BY JENNIFER GOLLAN, ERICA PEREZ AND LANCE WILLIAMS
The Center for Investigative Reporting
The University of California’s $11.2 billion endowment has produced the worst investment returns of the 10 richest colleges in the country over the past decade, an analysis by The Center for Investigative Reporting shows.
From the 2004 through 2013 fiscal years, the university earned an average of 7.3 percent on the combined endowment of the system and individual campuses, while the other nine colleges with the largest endowment funds – which include the public University of Michigan and University of Texas – averaged 10 percent.
In 2013, the UC endowment’s return improved dramatically. But better performance over the previous nine years would have meant tens of millions of dollars a year to spend during a decade when the state’s premier public university system saw massive cuts in state funding.
Thousands of employees in the 10-campus system lost their jobs and students felt the pain acutely, as their education costs more than doubled.
“It’s very disappointing and disgraceful that the university isn’t managing its money better,” said Kareem Aref, a UC Riverside junior and president of the University of California Student Association. “Students are being priced out of the university right now.”
Over the past decade, Yale and Columbia universities earned the highest returns, tied at 11 percent. Stanford University earned 9.9 percent. If the University of California had done as well as the top-ranked institutions, it would have earned an additional $5.4 billion over the decade.
UC Chief Financial Officer Peter Taylor told CIR that the University of California has to invest more conservatively than its peers because it is a public institution.
“Would I have liked to have earned 10 percent a year… ? Absolutely. Sure,” he said. “But how risky should a public university be?”
In recent years, Taylor noted, the university has become less conservative and performance has improved. As the market rebounded during the last fiscal year, the university system earned 12.2 percent, second to Yale University among the 10 largest endowments.
The UC system’s investment performance has drawn criticism in recent years. From 2006 until her retirement last summer, Chief Investment Officer Marie Berggren was in charge of managing much of the university’s endowment.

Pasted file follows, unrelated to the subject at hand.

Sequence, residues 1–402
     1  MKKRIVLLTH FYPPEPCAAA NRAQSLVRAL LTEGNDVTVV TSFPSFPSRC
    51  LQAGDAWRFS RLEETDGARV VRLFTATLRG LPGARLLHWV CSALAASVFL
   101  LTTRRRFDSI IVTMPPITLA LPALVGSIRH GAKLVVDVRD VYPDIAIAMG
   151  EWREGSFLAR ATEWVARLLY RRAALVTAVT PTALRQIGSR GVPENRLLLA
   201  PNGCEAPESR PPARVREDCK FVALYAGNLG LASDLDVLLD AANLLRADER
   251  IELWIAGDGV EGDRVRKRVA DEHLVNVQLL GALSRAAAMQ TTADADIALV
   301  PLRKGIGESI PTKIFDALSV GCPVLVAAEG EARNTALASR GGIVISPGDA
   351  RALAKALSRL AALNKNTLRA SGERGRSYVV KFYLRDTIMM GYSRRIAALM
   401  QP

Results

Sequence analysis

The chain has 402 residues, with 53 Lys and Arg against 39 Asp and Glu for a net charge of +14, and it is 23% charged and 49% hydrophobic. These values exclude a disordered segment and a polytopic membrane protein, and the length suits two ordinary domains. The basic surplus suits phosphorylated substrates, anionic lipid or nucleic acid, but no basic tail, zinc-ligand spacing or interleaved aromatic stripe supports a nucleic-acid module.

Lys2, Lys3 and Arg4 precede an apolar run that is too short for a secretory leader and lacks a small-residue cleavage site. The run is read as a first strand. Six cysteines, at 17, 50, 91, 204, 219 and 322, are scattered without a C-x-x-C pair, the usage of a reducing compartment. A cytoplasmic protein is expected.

The issue flared during one particularly heated teleconference last February, when T. Gary Rogers, the former CEO of Dreyer’s Grand Ice Cream and a longtime UC benefactor, complained that the university had the nation’s worst-performing large endowment fund.
“As I’ve been saying for some time now… I think it’s irresponsible for us to continue to ignore this absolutely bottom-of-the-heap performance year in and year out,” Rogers said.
A video shows Berggren thumbing through documents as Rogers spoke. She did not respond. Several regents downplayed Rogers’ concerns.
“It has never been quite as crystal clear as Gary is making it look right now,” said Regent Paul Wachter, financial adviser to former Gov. Arnold Schwarzenegger and now chairman of the Board of Regents’ Investments Committee.
Berggren didn’t respond to requests for comment on CIR’s findings.
Three times in the last decade – in 2008, 2009 and 2012 – the University of California lost money. During bull markets in 2005 and 2006, when the stock market surged, UC’s rate of return was at least 10 percentage points lower than that of Yale.
As state revenues plummeted in the recession, the Legislature between 2008 and 2012 slashed its annual appropriation to the university system by $900 million, or more than 25 percent. About 4,200 employees were laid off, 9,000 job openings remained unfilled and students faced tuition increase after tuition increase.